March’s “Best” Lists – There Are Now 1,690 Of Them

Here’s my regular round-up of new “The Best…” lists I posted this month (you can see all 1,690 of them categorized here):

All My BAM! Radio Shows About English Language Learners

The Best Random Acts Of Kindness Videos

The Best Videos For Learning About The Scientific Method

A Beginning List Of The Best Resources For Fighting Islamophobia In Schools

The Best Resources On The Latest Travel Ban By The Trump Administration

The Best Resources For Learning About Teacher Action Research – Help Me Find More

The Best Practical Resources For Helping Teachers, Students & Families Respond To Immigration Challenges

The Thirty-Seven “All-Time” Best Lists

The Best Resources On Classroom Seating Strategies

A Beginning List Of The Best Resources On Virtual Reality In Education

The Oscars Are Awarded This Sunday – Here Are All My “Best” Lists Related To Movies

 

 

 

October 2, 2016
by Larry Ferlazzo
0 comments

A Look Back: Is This The Most Important Research Study Of The Year? Maybe

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Next February, this blog will be celebrating its ten-year anniversary! Leading up to it, I’m re-starting a series I tried to do in the past called “A Look Back.” Each week, I’ll be re-posting a few of my favorite posts from the past ten years.

You might also be interested in A Look Back: Best Posts From 2007 To 2009. and A Look Back: 2010’s Best Posts From This Blog.

I originally shared this post in 2011.   You might also be interested in some related “Best” lists I’ve published since then, including The Best Posts Questioning If Direct Instruction Is “Clearly Superior” and The Best Resources About Inductive Learning & Teaching,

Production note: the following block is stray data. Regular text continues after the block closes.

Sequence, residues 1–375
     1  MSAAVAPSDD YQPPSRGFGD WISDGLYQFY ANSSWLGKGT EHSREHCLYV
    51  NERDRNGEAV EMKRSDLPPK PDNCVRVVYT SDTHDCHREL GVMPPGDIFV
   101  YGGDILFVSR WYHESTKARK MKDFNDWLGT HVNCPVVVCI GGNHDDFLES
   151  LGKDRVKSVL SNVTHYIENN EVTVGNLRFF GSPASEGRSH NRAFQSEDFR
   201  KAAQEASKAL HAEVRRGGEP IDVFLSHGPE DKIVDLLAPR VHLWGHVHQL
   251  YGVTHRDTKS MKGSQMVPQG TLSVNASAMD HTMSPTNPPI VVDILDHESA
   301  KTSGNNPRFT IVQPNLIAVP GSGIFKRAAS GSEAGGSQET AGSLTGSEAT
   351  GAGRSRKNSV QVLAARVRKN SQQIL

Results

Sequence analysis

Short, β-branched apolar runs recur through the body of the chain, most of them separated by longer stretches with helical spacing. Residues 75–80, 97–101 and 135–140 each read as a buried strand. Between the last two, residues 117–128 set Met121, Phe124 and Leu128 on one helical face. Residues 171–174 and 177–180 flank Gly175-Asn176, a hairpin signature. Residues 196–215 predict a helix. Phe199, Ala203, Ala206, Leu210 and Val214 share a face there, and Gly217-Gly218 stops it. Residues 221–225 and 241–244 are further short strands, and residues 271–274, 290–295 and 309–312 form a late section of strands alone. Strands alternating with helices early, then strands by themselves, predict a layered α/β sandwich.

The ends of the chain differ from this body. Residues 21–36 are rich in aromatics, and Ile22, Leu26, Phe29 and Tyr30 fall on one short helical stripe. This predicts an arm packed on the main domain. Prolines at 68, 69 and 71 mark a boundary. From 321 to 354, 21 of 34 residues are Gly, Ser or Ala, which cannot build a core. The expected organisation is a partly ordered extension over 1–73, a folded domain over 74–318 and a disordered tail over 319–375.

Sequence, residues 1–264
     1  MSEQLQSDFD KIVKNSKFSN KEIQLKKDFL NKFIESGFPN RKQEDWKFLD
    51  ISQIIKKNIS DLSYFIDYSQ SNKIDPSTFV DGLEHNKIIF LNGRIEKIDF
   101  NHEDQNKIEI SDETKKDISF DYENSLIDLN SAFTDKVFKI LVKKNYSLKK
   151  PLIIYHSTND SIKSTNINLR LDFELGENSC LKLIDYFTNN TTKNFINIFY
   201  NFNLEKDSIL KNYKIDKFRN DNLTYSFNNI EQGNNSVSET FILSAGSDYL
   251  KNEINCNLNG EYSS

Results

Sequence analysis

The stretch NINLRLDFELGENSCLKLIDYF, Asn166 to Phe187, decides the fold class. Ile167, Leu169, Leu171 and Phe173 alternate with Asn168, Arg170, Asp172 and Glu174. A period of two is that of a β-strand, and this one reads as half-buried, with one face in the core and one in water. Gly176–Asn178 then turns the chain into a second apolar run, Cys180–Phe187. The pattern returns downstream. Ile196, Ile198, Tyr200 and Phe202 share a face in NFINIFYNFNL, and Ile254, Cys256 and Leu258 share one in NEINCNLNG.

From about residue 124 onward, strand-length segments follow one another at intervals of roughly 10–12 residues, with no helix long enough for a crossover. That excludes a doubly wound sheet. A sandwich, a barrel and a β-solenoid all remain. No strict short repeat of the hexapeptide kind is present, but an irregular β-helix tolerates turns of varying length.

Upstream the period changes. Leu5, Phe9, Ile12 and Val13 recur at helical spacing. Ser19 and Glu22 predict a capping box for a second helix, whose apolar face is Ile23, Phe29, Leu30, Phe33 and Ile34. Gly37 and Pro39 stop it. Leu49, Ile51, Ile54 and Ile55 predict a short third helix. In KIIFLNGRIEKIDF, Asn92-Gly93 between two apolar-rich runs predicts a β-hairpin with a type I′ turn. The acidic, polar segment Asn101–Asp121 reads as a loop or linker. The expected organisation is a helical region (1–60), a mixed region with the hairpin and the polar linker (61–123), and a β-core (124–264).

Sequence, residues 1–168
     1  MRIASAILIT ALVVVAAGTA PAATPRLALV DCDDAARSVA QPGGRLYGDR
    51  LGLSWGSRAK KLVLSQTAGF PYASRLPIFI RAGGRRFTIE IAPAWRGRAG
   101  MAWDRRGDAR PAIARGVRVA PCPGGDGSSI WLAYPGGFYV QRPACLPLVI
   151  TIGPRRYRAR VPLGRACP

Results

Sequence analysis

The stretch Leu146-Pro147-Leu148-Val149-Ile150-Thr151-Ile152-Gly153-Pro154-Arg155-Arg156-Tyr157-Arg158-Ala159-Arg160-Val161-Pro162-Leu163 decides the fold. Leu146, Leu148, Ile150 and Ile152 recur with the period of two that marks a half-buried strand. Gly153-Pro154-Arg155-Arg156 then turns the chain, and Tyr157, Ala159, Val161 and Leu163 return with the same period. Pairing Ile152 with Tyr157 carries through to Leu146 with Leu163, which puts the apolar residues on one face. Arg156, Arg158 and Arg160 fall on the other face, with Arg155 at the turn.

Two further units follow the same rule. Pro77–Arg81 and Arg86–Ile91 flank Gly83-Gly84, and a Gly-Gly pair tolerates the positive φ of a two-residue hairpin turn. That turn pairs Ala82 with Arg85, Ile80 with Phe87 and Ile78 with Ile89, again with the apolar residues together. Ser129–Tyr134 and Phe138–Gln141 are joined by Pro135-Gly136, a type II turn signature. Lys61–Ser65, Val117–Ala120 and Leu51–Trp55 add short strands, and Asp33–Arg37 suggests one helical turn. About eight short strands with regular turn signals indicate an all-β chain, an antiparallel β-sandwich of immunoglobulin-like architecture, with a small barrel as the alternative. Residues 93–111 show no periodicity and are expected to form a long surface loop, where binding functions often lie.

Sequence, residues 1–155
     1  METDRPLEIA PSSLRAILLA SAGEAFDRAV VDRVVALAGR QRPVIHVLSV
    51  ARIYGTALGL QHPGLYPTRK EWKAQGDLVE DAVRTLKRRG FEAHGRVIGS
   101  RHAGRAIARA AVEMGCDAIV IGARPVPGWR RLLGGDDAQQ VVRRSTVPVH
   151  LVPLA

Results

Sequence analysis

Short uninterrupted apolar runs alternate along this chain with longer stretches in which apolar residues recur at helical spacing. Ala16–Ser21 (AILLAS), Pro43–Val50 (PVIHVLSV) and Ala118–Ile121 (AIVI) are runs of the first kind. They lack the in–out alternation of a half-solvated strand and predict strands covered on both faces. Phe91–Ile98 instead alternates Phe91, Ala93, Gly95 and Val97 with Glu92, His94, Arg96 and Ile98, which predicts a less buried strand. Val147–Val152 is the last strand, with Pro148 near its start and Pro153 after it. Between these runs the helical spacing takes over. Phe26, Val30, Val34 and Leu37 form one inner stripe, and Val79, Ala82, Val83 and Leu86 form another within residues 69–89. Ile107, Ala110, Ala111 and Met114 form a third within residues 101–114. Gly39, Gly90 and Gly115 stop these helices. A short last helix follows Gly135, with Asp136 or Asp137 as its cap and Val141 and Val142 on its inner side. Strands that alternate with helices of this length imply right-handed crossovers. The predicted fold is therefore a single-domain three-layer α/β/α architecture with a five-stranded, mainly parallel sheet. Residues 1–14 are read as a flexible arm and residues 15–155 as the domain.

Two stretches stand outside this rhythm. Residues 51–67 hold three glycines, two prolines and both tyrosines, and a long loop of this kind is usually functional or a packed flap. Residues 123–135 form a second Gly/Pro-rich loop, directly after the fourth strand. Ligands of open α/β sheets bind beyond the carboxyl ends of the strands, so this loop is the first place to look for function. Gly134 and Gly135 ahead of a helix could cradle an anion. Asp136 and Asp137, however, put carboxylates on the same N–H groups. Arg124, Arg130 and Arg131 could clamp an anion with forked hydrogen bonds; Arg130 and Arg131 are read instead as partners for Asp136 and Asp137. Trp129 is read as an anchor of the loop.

This month’s issues of ASCD Educational Leadership has just been published, and in itRobert Marzano reports on a study that may be the most important one that’s come out this year.

Here is a very simple summary of his study, which was a “meta-analysis” of hundreds of others: It found that “direct instruction” was a more effective instructional method than “unassisted discovery learning.” And it found that “enhanced discovery learning” trumped them both.

I personally think this idea of “unassisted discovery learning” is a bit of a “straw man.” It basically means that students have to learn on their own with very little assistance from a teacher. As example might be how I started a science lesson once on the scientific method — I gave students two cups — one half filled with water, and scissors and asked them to figure out how they would tell time with it. I call the issue a “straw man,” though, because I, and many other teachers, might start off a lesson like this (plenty of research has shown that the use of “novelty” like this is effective), I’m not convinced many would make the whole lesson “unassisted.”

What’s important, though, about the study, I think, is that it highlights that “enhanced discovery learning” was particularly effective.

Here’s how the study itself (you have to pay $12 to gain access to it) defined “enhanced discovery learning”:

…generation, elicited explanations, and guided discovery conditions. Generation conditions required learners to generate rules, strategies, images, or answers to experimenters’ questions. Elicited explanation conditions required that learners explain some aspect of the target task or target material, either to themselves or to the experimenters. The guided discovery conditions involved either some form of instructional guidance (i.e.,scaffolding) or regular feedback to assist the learner at each stage of the learning tasks.

That certainly sounds like the exact definition of inductive teaching and learning. a strategy which our school uses a whole lot, and about which I have written a great deal on this blog and in my books.

Plus, it gets the Marzano “imprimatur”!

What do  you think — am I exaggerating the potential importance of this study?